[LINK] Law Goes Meta

by TimS1 min read28th Sep 20125 comments


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Some legal background:

  • In the United States, there are several courts of appeals, called Circuit Courts. They can disagree about legal points - this is called a circuit split. One of the purposes of the Supreme Court is to resolve circuit splits.
  • Sometimes, laws are ruled to be ambiguous. If so, the relevant agency regulations interpreting the law are determinative, unless the regulations are an obviously stupid interpretation. This is called Chevron deference.

One would think that disagreement between Circuits about the meaning of a law would be legally relevant evidence about whether the law was ambiguous. Instead, there appears to be a circuit split on the meaning of circuit splits.

More available here, for the amusement of those on this site who like to think meta. Also a bit of a lesson on the limits of meta-style analysis in solving actual problems.

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Note the comment by "Jurist of Reason" on that article:

If you google the cites, you can quickly find that neither the 11th or 4th Circuits were talking about Chevron deference (in both cases, the issue was the interpretation of 28 USC 1367, the supplemental jurisdiction statute), and neither actually said that the existence of a circuit split could never be considered in evaluating ambiguity. Rather, they rejected, in passing, suggestions that a disagreement among circuits about the meaning of a statute automatically makes it ambiguous, instead finding that each court had a duty to make its own determination. This seems pretty unexceptional to me.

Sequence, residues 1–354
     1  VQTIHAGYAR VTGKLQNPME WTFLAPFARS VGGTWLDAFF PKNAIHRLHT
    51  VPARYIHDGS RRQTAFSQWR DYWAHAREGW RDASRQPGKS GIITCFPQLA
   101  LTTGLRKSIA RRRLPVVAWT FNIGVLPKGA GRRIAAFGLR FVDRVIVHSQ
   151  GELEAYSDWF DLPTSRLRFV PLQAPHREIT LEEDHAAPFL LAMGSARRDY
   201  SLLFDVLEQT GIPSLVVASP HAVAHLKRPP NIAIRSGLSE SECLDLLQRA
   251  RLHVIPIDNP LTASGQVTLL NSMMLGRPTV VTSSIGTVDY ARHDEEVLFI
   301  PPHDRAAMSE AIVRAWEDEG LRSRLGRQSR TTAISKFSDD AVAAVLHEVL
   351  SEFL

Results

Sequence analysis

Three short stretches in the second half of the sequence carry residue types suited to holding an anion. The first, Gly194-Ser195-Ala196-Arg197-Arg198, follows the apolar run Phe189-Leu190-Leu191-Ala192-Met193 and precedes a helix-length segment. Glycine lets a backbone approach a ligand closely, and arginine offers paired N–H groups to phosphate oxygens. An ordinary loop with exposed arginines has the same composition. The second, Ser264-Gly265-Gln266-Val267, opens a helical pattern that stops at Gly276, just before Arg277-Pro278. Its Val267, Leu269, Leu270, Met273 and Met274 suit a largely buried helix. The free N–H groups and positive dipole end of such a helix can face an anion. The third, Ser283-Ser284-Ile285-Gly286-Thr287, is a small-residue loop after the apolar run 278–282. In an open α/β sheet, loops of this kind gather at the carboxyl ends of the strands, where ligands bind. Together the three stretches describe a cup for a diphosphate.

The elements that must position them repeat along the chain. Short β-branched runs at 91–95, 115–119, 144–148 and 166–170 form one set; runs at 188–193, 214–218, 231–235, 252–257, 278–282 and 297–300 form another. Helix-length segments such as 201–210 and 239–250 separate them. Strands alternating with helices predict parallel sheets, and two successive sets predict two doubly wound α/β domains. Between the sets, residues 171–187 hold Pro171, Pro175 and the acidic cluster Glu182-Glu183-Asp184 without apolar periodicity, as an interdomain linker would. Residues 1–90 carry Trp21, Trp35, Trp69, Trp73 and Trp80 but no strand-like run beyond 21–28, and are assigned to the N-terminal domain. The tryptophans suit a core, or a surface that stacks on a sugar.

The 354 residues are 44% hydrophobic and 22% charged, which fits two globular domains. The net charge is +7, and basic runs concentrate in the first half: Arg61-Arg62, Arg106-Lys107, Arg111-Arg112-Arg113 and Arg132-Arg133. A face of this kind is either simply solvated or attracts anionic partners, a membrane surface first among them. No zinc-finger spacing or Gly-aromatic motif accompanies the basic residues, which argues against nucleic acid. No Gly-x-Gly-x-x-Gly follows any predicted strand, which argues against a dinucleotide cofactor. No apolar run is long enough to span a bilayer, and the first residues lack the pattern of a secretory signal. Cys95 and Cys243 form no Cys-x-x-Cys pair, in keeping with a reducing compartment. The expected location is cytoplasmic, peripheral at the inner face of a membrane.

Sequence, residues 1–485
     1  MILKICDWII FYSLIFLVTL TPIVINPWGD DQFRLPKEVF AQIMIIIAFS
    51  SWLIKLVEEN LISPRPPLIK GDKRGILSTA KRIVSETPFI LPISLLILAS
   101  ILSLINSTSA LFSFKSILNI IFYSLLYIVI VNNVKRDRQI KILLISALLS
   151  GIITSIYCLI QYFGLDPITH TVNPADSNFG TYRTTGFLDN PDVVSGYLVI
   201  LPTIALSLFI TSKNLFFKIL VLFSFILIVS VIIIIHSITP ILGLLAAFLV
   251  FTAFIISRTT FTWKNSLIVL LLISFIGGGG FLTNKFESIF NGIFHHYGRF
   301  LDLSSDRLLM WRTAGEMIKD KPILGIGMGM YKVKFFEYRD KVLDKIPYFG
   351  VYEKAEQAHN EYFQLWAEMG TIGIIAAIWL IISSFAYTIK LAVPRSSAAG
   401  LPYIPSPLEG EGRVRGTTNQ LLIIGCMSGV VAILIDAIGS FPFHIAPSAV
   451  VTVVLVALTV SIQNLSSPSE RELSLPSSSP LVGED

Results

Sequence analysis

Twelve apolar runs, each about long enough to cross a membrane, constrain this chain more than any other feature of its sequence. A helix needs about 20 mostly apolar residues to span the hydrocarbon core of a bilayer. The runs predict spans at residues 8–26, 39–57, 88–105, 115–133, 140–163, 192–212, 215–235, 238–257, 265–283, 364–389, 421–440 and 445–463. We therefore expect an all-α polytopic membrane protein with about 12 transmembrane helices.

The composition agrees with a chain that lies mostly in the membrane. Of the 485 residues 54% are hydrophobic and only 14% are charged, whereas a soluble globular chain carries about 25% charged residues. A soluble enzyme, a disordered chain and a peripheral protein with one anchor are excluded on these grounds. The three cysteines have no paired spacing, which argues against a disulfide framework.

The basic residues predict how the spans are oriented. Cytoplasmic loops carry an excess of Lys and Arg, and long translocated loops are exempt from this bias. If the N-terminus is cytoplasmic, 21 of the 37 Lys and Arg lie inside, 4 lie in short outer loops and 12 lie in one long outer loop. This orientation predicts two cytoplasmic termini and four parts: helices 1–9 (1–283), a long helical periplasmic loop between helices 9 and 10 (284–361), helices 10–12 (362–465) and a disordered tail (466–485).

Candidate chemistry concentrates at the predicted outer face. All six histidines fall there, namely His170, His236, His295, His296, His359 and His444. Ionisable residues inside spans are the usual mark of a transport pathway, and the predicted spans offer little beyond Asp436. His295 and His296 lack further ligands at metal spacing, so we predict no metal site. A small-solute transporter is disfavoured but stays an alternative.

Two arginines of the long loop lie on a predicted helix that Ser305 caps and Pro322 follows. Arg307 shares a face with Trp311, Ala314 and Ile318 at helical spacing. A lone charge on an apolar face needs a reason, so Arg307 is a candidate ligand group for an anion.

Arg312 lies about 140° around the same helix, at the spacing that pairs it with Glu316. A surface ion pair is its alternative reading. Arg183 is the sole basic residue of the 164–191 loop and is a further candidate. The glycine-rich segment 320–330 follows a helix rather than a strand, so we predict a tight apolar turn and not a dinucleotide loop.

(To be more specific, the non-admin context matters because these courts had to actually decide what a statute meant, they couldn't just punt and say that it was "ambiguous" and so an agency decision was reasonable.)

As an aside, many people have trouble understanding that a lot of legal proceedings are about meta-level issues (whether and how a case can proceed, as opposed to the merits).

I'm not sure I agree. Many legal doctrines, especially procedural doctrines (like jurisdiction), are justified based on knock-on effects. But that is different than recursive analysis.

Or, to use LW terminology, meta != decision-theoretic reasoning.

I don't think we're talking about the same thing. I was simply making the point that many people don't understand the difference between procedural issues and substantive ones.

Fair enough. I'm just allergic to invocations of "meta" to explain complicated things.

Which is incredibly ironic, given my original post. :)